How must our heat exchanger be designed so that we can recover the maximum energy from the product – in the case of hydrothermal carbonization a water-coal suspension – and heat the educt – the waste biomass?
Our client develops plants for the hydrothermal carbonization of biomass. In this process, waste biomass is hydrolyzed at almost 200°C and approx. 20 bar and converted to coal. The process has the potential to dispose of sorted or mixed bio-waste decentrally, to extract valuable coal from it and to generate energy from it locally.
The aim of this project was to develop an optimized heat exchanger that recovers considerably more heat from the product and thus significantly increases the energy efficiency of the overall system.
Managing Director, Plant Construction-Startup
Our client had built a pilot plant to demonstrate hydrothermal carbonization in a continuous process. This worked well, but was not yet efficient enough. The inlet temperature at the reactor was still relatively far below the target temperature, which on the one hand resulted in insufficient energy efficiency and on the other hand also did not guarantee optimum reaction control.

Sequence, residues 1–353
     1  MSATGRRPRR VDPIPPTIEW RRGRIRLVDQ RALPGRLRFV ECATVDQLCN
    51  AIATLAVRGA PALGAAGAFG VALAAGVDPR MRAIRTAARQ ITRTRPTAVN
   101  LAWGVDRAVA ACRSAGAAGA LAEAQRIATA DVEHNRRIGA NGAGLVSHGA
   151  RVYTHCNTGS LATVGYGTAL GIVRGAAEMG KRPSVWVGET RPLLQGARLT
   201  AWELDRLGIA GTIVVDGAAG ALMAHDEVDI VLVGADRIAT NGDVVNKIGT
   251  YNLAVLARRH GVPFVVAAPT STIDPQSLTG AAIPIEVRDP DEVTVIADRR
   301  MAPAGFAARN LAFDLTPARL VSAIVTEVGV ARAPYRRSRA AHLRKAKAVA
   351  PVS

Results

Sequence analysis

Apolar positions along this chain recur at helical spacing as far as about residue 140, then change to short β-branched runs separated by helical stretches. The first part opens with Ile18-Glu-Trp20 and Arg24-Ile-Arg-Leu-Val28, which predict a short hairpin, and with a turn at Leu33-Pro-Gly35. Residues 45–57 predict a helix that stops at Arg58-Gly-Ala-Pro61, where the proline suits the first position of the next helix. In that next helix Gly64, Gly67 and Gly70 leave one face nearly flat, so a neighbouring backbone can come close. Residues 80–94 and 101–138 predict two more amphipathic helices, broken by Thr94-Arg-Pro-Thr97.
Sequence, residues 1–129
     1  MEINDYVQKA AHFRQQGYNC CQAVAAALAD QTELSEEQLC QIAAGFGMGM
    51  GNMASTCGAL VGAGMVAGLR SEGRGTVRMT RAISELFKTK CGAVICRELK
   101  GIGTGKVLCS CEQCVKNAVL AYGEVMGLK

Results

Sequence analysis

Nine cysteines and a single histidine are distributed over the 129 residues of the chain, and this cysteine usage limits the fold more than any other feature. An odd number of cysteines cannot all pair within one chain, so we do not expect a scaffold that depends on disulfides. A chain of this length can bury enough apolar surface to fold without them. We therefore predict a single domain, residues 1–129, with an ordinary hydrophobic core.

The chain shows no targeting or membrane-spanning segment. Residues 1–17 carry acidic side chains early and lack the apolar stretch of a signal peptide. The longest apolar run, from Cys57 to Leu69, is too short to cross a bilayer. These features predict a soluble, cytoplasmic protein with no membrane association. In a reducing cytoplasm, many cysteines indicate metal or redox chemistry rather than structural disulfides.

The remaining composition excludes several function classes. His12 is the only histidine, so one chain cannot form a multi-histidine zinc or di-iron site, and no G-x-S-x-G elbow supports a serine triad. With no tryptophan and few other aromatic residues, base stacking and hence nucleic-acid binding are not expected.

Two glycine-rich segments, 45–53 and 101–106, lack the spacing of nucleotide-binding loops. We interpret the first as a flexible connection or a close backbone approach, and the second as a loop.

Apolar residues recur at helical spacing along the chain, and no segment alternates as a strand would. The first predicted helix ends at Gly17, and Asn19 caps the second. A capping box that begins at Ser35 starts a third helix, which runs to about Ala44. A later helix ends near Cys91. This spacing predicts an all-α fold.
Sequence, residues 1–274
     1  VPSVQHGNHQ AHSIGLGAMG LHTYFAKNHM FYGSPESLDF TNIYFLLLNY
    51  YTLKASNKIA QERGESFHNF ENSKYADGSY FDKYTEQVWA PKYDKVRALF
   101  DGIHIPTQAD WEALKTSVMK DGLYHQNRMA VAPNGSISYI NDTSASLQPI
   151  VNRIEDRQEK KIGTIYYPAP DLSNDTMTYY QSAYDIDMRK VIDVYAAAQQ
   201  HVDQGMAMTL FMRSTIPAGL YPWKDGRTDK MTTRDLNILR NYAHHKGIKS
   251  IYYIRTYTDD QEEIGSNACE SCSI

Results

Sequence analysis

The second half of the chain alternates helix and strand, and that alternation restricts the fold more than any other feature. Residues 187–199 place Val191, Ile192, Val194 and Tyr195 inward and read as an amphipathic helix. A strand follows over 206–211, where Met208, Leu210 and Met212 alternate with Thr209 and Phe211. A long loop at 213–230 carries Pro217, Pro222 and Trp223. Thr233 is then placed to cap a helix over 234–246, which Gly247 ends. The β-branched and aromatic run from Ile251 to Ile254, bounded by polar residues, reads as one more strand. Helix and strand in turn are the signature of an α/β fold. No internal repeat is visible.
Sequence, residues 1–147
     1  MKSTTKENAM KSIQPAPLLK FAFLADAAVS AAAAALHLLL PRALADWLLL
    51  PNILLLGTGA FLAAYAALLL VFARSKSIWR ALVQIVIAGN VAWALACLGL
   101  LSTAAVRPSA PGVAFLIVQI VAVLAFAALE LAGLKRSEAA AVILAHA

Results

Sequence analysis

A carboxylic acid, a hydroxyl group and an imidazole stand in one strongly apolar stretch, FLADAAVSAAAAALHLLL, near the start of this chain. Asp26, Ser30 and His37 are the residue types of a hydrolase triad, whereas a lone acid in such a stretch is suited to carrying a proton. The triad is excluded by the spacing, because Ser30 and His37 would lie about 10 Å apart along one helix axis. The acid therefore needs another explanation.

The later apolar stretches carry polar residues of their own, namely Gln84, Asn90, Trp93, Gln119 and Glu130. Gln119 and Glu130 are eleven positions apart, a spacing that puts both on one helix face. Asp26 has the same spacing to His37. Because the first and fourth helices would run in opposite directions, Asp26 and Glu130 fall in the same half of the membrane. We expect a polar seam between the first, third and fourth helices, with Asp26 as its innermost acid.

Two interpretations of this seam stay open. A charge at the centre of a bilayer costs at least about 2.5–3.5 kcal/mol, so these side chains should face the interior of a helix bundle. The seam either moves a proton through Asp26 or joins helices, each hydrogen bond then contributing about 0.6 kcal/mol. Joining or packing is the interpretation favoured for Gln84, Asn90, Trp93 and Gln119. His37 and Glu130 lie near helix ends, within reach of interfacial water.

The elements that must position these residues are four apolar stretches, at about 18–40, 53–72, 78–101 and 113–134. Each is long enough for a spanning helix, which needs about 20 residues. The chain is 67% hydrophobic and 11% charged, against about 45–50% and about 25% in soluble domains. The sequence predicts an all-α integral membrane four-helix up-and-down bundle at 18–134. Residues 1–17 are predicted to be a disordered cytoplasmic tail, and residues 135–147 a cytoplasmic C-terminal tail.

We developed two double-tube heat exchangers with an intermediate circuit for the client. Due to the high solids loading, it was clear that neither educt nor product could flow in the jacket and that an intermediate circuit was required. This is energetically suboptimal, but a possible blockage of the jacket would be unacceptable.
The heat exchanger consists of a relatively large number of tubes, each with a flange at the end. These are necessary in order to be able to clean possible deposits afterwards. The intermediate circuit is made with water. Thermal oil would also have been possible, but the heat transfer is clearly worse. Accordingly, we have accepted the increased technical expenditure in order to keep the heat exchanger surface and the resulting costs within reasonable limits.
The commissioning showed that the heat exchanger – within the framework of measurement and planning uncertainty – functions as calculated.